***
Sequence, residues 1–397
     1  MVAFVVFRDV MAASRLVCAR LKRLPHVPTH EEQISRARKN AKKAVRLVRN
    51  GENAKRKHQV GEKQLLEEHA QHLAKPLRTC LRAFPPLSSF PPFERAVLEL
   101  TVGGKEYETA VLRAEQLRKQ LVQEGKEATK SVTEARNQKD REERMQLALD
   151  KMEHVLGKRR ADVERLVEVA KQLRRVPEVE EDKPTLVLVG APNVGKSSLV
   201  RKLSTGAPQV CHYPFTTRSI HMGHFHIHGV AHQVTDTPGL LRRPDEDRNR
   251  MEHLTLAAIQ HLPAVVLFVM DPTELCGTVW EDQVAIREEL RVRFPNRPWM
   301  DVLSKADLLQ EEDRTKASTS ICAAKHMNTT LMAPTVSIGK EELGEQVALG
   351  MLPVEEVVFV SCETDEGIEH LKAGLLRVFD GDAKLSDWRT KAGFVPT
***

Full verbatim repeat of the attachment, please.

Sequence, residues 1–397
     1  MVAFVVFRDV MAASRLVCAR LKRLPHVPTH EEQISRARKN AKKAVRLVRN
    51  GENAKRKHQV GEKQLLEEHA QHLAKPLRTC LRAFPPLSSF PPFERAVLEL
   101  TVGGKEYETA VLRAEQLRKQ LVQEGKEATK SVTEARNQKD REERMQLALD
   151  KMEHVLGKRR ADVERLVEVA KQLRRVPEVE EDKPTLVLVG APNVGKSSLV
   201  RKLSTGAPQV CHYPFTTRSI HMGHFHIHGV AHQVTDTPGL LRRPDEDRNR
   251  MEHLTLAAIQ HLPAVVLFVM DPTELCGTVW EDQVAIREEL RVRFPNRPWM
   301  DVLSKADLLQ EEDRTKASTS ICAAKHMNTT LMAPTVSIGK EELGEQVALG
   351  MLPVEEVVFV SCETDEGIEH LKAGLLRVFD GDAKLSDWRT KAGFVPT